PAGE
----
When you’re practicing Salah, you are in your most vulnerable state. Your back is to the door, your heart is to the Kabah, and you get down on your knees, press your forehead into the ground, and close your eyes.

In our most vulnerable state, we pray for guidance and grounding.

In our most vulnerable state, White supremacists will kill us.

What’s my story?

Every prayer I’ve ever done—in the same mosque I’ve been praying in since I was five years old—is practiced with fear in the back of my mind. The only time I can remember being eased of that fear is when the neighboring churches and synagogues came to visit us. These White faces would protect me.

Except they weren’t there to protect me. The usual distress was gone and only replaced with something else: judgment. And more eyes. Eyes watching me as I engaged in something deeply sacred. I wonder how many of these people showed up at my mosque the first Friday prayer—Jummah—following the New Zealand attacks.

In Muslim countries, we take Friday off in order to attend Jummah, the most important prayer of the week. In countries like the United States—like New Zealand—we take time off of our work or school day and congregate together. Those who prayed in New Zealand had taken an hour off from their daily lives—and they were shot to death for it.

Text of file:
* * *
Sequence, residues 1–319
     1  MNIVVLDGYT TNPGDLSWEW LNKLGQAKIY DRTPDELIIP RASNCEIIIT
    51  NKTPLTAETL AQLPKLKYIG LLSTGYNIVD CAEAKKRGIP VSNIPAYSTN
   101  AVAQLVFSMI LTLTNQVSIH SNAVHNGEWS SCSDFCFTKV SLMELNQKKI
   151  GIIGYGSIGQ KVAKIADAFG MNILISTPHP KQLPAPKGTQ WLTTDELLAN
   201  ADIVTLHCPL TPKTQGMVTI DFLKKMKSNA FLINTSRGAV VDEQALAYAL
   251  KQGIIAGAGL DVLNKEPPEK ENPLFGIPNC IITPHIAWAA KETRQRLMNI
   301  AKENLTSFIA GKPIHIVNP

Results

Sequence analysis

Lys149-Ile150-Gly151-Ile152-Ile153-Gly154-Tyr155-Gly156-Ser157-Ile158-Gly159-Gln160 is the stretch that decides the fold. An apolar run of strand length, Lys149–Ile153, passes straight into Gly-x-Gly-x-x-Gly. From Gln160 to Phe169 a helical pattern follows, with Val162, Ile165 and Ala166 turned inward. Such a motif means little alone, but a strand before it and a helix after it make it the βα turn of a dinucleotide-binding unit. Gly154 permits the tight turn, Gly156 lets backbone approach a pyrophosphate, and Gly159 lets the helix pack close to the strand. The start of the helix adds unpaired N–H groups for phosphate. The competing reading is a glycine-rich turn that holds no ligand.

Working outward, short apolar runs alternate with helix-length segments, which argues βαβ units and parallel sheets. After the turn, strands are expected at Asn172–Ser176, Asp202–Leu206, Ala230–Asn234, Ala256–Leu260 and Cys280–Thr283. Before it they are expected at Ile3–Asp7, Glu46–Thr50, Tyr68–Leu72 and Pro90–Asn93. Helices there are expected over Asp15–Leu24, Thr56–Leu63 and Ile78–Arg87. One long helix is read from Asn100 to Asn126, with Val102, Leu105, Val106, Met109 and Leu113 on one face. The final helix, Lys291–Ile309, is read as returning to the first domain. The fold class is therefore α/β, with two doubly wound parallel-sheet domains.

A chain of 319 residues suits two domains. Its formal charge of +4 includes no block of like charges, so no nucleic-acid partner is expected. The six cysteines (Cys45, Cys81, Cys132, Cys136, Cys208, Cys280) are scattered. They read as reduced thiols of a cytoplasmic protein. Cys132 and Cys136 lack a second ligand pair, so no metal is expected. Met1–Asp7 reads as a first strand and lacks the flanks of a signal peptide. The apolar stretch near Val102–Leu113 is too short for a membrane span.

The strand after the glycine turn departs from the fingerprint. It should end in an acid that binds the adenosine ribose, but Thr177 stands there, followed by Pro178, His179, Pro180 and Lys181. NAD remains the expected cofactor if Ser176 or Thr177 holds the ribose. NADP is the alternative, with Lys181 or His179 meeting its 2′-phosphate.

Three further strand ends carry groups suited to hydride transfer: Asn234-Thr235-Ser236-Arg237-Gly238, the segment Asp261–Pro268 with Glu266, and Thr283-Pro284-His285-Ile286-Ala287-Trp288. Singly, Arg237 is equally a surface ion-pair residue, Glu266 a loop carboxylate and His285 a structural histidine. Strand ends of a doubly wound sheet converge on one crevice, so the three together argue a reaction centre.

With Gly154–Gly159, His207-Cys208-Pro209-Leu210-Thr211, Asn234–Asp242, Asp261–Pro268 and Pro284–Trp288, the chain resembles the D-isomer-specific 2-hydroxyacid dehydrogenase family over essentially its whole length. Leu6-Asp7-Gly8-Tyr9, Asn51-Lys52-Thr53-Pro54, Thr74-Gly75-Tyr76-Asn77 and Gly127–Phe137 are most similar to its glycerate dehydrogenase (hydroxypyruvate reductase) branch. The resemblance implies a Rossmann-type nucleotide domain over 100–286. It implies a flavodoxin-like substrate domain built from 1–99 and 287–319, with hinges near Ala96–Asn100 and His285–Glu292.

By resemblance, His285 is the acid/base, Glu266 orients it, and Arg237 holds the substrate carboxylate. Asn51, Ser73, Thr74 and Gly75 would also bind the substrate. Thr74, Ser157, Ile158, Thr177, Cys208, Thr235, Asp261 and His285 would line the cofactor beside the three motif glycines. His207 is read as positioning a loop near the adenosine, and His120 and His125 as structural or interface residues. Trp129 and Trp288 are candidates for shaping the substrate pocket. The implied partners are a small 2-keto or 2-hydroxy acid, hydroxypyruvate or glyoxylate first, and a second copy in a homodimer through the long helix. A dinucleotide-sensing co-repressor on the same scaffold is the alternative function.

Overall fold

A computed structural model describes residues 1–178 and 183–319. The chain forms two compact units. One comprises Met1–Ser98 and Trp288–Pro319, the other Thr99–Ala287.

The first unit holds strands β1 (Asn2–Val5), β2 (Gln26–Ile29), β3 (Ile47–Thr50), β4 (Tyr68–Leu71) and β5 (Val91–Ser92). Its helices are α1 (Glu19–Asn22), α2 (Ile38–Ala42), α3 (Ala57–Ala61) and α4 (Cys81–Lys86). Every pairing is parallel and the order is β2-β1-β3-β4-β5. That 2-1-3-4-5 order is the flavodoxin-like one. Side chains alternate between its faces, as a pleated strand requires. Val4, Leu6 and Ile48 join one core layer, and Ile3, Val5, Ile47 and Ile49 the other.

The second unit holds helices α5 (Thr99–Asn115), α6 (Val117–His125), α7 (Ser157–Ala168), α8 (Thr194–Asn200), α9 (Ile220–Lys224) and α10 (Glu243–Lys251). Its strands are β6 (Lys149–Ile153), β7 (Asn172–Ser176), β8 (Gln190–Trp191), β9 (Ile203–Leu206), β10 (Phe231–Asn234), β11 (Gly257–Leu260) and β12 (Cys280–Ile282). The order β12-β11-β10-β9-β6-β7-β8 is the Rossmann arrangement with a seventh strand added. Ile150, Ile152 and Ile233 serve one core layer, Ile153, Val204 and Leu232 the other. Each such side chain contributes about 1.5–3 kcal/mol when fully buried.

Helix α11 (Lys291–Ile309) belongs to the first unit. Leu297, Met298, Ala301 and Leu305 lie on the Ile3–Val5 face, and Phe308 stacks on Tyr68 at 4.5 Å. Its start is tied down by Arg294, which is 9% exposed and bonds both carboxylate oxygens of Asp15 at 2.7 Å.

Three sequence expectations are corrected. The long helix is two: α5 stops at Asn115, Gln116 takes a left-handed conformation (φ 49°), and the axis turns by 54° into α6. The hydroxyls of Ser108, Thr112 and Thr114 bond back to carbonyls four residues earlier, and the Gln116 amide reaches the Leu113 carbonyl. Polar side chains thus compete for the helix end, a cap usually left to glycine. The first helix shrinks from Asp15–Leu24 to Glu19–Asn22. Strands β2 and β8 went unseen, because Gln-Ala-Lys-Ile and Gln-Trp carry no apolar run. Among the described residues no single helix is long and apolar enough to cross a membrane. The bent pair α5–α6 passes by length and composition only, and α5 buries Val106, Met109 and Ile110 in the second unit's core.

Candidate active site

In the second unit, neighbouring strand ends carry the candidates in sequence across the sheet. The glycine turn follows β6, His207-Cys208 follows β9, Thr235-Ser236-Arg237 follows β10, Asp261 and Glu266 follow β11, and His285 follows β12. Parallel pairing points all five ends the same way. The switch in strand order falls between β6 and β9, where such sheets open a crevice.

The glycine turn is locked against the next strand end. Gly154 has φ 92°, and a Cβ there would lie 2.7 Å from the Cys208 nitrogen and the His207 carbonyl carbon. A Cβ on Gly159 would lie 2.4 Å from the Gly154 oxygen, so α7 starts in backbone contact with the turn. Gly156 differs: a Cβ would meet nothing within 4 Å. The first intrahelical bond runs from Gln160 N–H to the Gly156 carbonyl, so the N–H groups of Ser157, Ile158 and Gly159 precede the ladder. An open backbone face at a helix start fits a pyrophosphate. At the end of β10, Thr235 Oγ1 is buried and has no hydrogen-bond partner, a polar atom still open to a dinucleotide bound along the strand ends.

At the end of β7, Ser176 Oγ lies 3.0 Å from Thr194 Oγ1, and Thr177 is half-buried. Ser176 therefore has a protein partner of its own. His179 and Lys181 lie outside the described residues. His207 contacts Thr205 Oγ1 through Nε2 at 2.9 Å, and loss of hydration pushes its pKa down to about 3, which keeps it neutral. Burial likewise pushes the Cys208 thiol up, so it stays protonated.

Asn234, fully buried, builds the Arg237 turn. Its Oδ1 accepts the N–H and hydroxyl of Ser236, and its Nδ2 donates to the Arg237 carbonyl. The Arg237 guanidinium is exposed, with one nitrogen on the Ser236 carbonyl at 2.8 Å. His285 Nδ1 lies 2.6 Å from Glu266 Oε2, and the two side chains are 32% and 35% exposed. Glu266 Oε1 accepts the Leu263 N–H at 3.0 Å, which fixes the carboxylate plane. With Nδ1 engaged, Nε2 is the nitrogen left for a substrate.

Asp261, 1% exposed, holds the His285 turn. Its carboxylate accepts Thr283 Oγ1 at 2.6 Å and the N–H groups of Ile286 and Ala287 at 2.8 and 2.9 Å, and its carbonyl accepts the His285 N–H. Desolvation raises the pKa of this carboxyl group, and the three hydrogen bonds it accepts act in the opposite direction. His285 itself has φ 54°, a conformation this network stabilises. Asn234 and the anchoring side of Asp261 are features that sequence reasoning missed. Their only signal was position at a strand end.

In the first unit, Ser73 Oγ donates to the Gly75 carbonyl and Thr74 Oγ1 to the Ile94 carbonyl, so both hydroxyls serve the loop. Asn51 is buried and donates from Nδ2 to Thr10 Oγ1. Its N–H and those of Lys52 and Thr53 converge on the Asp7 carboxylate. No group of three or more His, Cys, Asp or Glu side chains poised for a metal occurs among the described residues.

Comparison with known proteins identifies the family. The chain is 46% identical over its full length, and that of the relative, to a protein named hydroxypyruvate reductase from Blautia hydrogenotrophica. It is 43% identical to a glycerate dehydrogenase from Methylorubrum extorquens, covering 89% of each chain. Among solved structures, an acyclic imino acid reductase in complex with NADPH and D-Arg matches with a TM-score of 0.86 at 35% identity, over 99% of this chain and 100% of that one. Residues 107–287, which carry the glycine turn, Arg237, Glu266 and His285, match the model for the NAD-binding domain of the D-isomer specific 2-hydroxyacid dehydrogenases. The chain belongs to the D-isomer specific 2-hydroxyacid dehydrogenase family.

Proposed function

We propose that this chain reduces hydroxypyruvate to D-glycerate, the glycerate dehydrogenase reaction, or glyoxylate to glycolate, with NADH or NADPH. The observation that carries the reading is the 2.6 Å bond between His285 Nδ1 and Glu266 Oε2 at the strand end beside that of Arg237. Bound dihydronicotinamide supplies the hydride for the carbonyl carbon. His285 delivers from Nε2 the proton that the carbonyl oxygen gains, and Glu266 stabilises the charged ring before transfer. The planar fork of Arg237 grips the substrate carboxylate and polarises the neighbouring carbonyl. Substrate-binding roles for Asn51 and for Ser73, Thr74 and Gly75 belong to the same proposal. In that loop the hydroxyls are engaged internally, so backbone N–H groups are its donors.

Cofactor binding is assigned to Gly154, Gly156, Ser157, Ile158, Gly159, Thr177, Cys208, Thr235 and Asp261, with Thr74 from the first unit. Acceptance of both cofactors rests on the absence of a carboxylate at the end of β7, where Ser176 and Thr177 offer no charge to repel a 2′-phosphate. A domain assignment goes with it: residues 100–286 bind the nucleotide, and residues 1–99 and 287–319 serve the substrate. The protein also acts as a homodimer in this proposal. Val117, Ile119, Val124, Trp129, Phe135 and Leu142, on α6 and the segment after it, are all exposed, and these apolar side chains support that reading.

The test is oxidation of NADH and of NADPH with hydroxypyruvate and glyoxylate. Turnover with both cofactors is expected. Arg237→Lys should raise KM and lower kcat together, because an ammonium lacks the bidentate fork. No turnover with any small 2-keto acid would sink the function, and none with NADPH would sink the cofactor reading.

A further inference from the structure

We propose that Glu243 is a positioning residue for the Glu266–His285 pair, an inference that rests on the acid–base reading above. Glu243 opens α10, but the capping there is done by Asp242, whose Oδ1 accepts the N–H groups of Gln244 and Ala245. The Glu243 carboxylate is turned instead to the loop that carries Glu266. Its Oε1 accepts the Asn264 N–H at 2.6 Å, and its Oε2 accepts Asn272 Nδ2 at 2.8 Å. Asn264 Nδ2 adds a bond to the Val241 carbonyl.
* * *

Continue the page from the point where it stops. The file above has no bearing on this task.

On Jummah that following Friday, we praised the local police who showed up and guarded our mosque as a sign of solidarity. But what about my brothers and sisters at the Roxbury Mosque with a majority Black Muslim population? Will they ever feel safe?

I am searching for a balance between the two extremes that we face when horrible things happen: fascination and disassociation. I can’t stand to hear my mother recite details of the newest terrorist massacre, stolen from Facebook anecdotes: “Did you know the man at the front of the door said ‘hello, brother’ to the terrorist before he was shot to death by him?” I don’t want to listen to this man tell the world why he did what he did, listen to others immortalize him by discussing how sick he must be. But I can’t look away either, right? I can’t go on pretending this can’t happen—will happen again. And amidst all of this, I think of the people who call themselves allies and the ones who texted me saying they were with me today and the ones who didn’t and—

The next day, my family went to Vermont. At midnight it would officially be my birthday. The kids went to pick up dinner while the parents stayed in, and when we returned, the air had shifted. My dad cleared his throat at the dinner table. “Your mother is worried about how you all are coping with what happened in New Zealand.”

I was quiet. I listened to my sister and her husband explain their feelings. I didn’t know what to say—maybe for once, I didn’t have anything to say. I found myself silent.

In silence, I blend in to protect myself. In silence, others will continue to be victims of hate crimes.

And so in silence, I pause. In silence, I mourn. In silence, I try to find my strength again.